Aboriginal Peoples of Canada

A resource

For Teachers

Achieving Aboriginal Student Success

by Pamela Rose Toulouse


Achieving Aboriginal Student Success presents goals and strategies needed to support Aboriginal learners in the classroom. This book is for all teachers of kindergarten to grade 8 who have Aboriginal students in their classrooms or who are looking for ways to infuse an Aboriginal worldview into their curriculum. 


For Students: Fiction

The Elders Are Watching

by David Bouchard and Roy Henry Vickers


When award-winning writer David Bouchard first saw the work of First Nations artist Roy Henry Vickers, he was struck by Vickers' reverence for nature and his understanding of Canada's rugged West Coast. They collaborated on The Elders Are Watching, which - now in its fifth printing - has delighted more than 100,000 readers in four languages.


Recommended for grades 3+.

Rethinking Columbus

Edited by Bill BIgelow and Bob Peterson

 

Why rethink Christopher Columbus? Because the Columbus myth is a foundation of children's beliefs about society. Columbus is often a child's first lesson about encounters between different cultures and races. The murky legend of a brave adventurer tells children whose version of history to accept, and whose to ignore. It says nothing about the brutality of the European invasion of North America.

 

Shin-Chi's Canoe

This moving sequel to the award-winning Shi-shi-etko tells the story of two children's experience at residential school. Shi-shi-etko is about to return for her second year, but this time her six-year-old brother, Shin-chi, is going, too.


Recommended for grades 1+.

Teaching Truly: A Curriculum to Indigenize Mainstream Education

by Don Trent Jacobs



Fatty Legs


by Christy Jordan-Fenton and Margaret Pokiak-Fenton

The moving memoir of an Inuit girl who emerges from a residential school with her spirit intact.
Recommended for grades 5+.

 

Also, try "When I Was Eight", a version of the same story accessible to younger children. Recommended for grades 1+.

The Mishomis Book - The Voice of the Ojibway

by Edward Benton-Banai


The Mishomis Book documents the history, traditions, and culture of the Ojibway people through stories and myths passed down through generations. Written by Ojibway educator and spiritual leader Edward Benton-Banai, and first published in 1988, The Mishomis Book draws from the traditional teachings of tribal elders to instruct young readers about Ojibway creation stories and legends, the origin and importance of the Ojibway family structure and clan system, the Midewiwin religion, the construction and use of the water drum and sweat lodge, and modern Ojibway history.

The Absolutely True Diary of a Part-Time Indian

by Sherman Alexie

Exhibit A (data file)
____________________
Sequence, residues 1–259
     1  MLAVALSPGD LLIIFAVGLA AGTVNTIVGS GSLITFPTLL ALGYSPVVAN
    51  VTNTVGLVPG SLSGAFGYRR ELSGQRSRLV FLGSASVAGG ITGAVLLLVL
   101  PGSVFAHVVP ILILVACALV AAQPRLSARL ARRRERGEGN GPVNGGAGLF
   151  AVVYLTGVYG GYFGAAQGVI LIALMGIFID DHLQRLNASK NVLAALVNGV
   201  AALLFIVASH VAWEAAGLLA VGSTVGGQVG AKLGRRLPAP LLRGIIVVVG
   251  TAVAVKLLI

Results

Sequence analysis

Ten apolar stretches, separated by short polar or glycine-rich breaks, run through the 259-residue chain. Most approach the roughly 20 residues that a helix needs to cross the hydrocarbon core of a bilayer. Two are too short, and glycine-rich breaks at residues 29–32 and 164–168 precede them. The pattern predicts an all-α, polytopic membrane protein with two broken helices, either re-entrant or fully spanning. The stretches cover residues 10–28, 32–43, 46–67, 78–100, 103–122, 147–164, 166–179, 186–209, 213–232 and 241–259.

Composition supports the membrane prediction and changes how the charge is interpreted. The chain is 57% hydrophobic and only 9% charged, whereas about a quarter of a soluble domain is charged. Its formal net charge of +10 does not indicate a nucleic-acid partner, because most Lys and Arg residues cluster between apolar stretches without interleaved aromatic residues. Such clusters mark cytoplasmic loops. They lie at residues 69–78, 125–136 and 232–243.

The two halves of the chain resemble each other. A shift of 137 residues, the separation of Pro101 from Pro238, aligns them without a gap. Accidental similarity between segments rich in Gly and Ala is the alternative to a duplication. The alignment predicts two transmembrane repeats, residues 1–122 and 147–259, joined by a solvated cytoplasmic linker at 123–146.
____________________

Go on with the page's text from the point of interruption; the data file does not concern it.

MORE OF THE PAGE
Bestselling author Sherman Alexie tells the story of Junior, a budding cartoonist growing up on the Spokane Indian Reservation. Determined to take his future into his own hands, Junior leaves his troubled school on the rez to attend an all-white farm town high school where the only other Indian is the school mascot.

Heartbreaking, heartwarming, and laugh out loud funny. Recommended for grades 9+.
*Pre-reading strongly recommended.

The 500 Years of Resistance Comic Book is a powerful and historically accurate graphic portrayal of Indigenous resistance to the European colonization of the Americas, beginning with the Spanish invasion under Christopher Columbus and ending with the Six Nations land reclamation in Ontario in 2006. Gord Hill spent two years unearthing images and researching historical information to create The 500 Years of Resistance Comic Book, which presents the story of Aboriginal resistance in a far-reaching format.

Seven Sacred Teachings

by David Bouchard and Dr. Joseph Martin

The Seven Sacred Teachings is a message of traditional values and hope for the future. The Teachings are universal to most First Nation peoples. These Teachings are aboriginal communities from coast to coast. They are a link that ties First Nation, Inuit and Métis communities together.

Multilingual, and includes an audio component.
Sample lesson plan can be found here.

What's the Most Beautiful Thing You Know About Horses?

By Richard Van Camp

"I'm a stranger to horses and horses are strangers to me," admits the author/narrator at the beginning of this delightful tale of discovery. Members of the Dogrib nation from Canada, Van Camp's people use dogs instead of horses. Yet Van Camp has always been curious about horses. So he sets off on a playful search for "the most beautiful thing about horses," talking to family, friends, and even artist George Littlechild, who is a Plains Cree and knows something about horses. The answers Van Camp gets range from zany to profound: Horses can run sideways. Horses have secrets. Horses can always find their way home. Littlechild's bold and fanciful paintings perfectly capture Van Camp's playful vision of the world.
Recommended for Grades 2+

For Students: Non-Fiction

Kids Book of Aboriginal Peoples in Canada

Canada's Aboriginal peoples have shaped this country in countless ways. Their story is central to the nation's identity -- indeed, the word "Canada" is derived from the Huron-Haudenosaunee word "kanata," which means "our village." This title in the acclaimed Kids Book of series is a balanced, in-depth look at the cultures, struggles and triumphs of Canada's first peoples. 


Shannen and the Dream for a School

by Janet Wilson


This is the true story of Shannen Koostachin and the people of Attawapiskat, a Cree community in Northern Ontario, who have been fighting for a new school since the late 1970s when a fuel leak contaminated their original school building.


Recommended for grades 5+.